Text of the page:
Reflecting on the changing security environment encircling Mongolia today, Ulaanbaatar is currently revising its 2010 National Security Concept and has increased its defense budget, amid growing defense spending across the region.
In 2022, the Japanese Ministry of Defense unveiled another record-high defense budget, allocating 6.82 trillion yen ($51.4 billion) for its Japanese Self-Defense Forces. South Korea passed a five-year defense budget, indicating an increase of 6.8 percent annually. These are high figures based for the individual states, based their specific security concerns.
However, these figures cannot compare to China and the United States.
The International Institute for Strategic Studies (IISS) put things in perspective: “China’s 2020 [defense budget] increase, amounting to a nominal US$12 billion, was still greater than the combined defense budget increases in all other Asian states. Indeed, increases in the US and Chinese defense budgets accounted for almost two-thirds of the total increase in global defense spending in 2020.”
In 2022, China announced 1.45 trillion yuan ($229 billion) in defense spending, a 7.1 percent of increase from 2021.
Whether it’s driven by competition between the United States and China or unresolved historical issues, it is apparent that regional actors are on edge. The escalation of the Russia-Ukraine war is only the latest addition to an already historically contentious region, which has many unresolved security issues. The unfortunate inherent risk and equivocal actions of the East Asian actors are in direct correlation to the increases in the regional states’ defense budgets.
Returning to Mongolia, the country’s immediate security concerns involve the stability of its two neighbors – Russia and China, both comprehensive strategic partners. Ulaanbaatar’s economic interests and ties are directly influenced by events in Moscow and Beijing.
As Russia’s war with Ukraine drags on toward its one-year anniversary, Mongolia is feeling the effects. Mongolia continues to receive Russian citizens from all walks of life fleeing their home country. But Ulaanbaatar cannot sustain a constant flow of refugees, nor does it have the economic capacity.
These are tumultuous times for small states like Mongolia to balance, navigate, and protect their national interests. Much depends on how Mongolian policymakers react to the multitude of external threats.
It is clear that Ulaanbaatar does not have control over most of the region’s security issues; however, Mongolia’s multi-pillared foreign policy will let it avoid the thorny bilateral issues between regional actors. Mongolia’s foreign policy will continue to support diplomatic dialogues, peaceful solutions, and most importantly, maintain its nuclear weapons-free status.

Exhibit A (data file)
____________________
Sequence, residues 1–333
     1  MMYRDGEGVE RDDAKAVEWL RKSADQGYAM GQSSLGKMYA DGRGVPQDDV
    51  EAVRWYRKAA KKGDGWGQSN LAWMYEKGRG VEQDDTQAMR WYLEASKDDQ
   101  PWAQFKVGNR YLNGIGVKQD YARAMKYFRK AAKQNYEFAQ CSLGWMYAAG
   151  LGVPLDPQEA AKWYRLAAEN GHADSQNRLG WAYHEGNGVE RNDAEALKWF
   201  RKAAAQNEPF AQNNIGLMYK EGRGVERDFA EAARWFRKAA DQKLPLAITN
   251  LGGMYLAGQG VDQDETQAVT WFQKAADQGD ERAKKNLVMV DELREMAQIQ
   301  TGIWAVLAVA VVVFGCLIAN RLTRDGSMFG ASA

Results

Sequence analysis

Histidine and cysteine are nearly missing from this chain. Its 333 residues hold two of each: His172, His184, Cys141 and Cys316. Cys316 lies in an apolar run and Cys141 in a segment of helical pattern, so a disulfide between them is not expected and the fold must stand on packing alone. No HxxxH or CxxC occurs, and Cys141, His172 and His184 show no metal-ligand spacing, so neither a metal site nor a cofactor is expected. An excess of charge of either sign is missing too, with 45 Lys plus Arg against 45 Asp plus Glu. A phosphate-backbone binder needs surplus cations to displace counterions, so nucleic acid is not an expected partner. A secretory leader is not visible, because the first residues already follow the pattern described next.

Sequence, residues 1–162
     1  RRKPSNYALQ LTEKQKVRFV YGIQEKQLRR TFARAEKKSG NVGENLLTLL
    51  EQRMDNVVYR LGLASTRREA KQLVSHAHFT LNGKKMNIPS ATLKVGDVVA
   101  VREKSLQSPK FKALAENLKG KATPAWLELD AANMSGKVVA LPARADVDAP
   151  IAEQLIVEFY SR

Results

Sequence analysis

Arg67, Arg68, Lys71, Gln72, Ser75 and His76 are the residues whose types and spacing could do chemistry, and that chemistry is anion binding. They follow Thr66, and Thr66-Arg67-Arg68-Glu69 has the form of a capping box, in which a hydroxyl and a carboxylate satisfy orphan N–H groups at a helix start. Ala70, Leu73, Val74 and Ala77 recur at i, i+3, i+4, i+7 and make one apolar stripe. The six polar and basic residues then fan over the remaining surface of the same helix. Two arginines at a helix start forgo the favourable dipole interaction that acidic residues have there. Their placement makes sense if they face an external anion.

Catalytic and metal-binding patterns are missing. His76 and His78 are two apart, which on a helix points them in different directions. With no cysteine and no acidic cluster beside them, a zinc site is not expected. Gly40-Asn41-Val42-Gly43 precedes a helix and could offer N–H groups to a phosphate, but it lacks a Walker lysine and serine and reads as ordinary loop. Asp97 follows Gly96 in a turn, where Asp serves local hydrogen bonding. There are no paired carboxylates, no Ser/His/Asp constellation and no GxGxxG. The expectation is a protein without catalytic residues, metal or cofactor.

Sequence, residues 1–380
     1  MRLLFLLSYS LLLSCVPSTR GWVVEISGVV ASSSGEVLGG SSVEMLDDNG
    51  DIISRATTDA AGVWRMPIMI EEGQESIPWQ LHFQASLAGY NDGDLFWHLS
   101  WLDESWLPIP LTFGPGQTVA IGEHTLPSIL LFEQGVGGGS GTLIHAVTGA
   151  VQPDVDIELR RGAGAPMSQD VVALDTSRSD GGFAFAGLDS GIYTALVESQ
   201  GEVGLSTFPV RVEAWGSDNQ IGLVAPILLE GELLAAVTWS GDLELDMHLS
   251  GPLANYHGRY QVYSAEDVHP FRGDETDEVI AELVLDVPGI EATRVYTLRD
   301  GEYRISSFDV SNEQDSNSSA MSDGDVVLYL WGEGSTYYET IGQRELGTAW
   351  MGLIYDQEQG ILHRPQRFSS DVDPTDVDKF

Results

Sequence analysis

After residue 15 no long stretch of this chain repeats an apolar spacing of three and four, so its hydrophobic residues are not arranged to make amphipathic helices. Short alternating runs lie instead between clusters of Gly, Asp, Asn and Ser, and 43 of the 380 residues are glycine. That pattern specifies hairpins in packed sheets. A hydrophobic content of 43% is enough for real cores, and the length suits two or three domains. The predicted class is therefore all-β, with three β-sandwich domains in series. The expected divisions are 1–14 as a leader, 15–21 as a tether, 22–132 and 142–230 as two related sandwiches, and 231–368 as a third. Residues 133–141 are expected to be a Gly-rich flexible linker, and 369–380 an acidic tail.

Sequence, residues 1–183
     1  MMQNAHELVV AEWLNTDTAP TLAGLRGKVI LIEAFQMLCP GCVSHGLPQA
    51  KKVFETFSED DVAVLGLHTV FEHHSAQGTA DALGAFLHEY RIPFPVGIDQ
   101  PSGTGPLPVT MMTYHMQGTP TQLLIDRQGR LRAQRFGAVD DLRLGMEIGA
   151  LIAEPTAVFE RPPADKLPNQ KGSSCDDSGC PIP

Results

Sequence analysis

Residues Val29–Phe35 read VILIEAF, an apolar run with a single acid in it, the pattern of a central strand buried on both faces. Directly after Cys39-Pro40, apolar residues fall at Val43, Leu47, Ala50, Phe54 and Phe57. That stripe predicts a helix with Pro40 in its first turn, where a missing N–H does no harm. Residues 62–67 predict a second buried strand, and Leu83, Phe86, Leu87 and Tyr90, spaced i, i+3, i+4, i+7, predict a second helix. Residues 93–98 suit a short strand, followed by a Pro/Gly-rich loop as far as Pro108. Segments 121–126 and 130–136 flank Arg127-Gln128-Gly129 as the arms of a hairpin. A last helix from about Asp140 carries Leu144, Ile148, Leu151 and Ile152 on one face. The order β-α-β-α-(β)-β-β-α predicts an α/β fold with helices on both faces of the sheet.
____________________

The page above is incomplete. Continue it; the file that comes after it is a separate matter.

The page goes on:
However, Mongolia too is moving to increase defense spending. According to the Ministry of Defense’s figures, in 2020 and in 2021, Mongolia approved a defense budget of 283 billion Mongolian tugrik. In 2022, the defense budget increased to 296 billion tugrik. In December 2022, the government of Mongolia approved 312 billion tugrik (roughly $91.5 million) for the Ministry of Defense’s 2023 budget, an increase of 5.4 percent from the previous year.
Beyond the external security issues, Mongolia’s internal security environment has been changing for some time now, according to Dr. Enkhbold Rentsen, a former researcher at the National Security and Defense Magazine of Mongolia.
According to Rentsen, “The normal functioning of the constitutional institution, the judiciary, legitimate elections, and prolonged unsolved socioeconomic issues are now being questioned by the people. As Mongolia’s surrounding external security environment changes, the country’s legal documents and framework must change too.”
In June 2022, the Office of the National Security Council of Mongolia drafted an amendment to the 2010 National Security Concept, which was presented to President Khurelsukh Ukhnaa. These amendments will need to be reviewed and approved by the Mongolian parliament before fully being adopted.
When the Mongolian government revised its 1994 National Security Concept, Mongolia was in the midst of a transition to a multi-party democratic system. The current revision is one of the most important legal frameworks that will steer how Mongolia will navigate today’s rapidly changing waters. Most importantly, Mongolia must protect its national interest and safeguard its independence and sovereignty.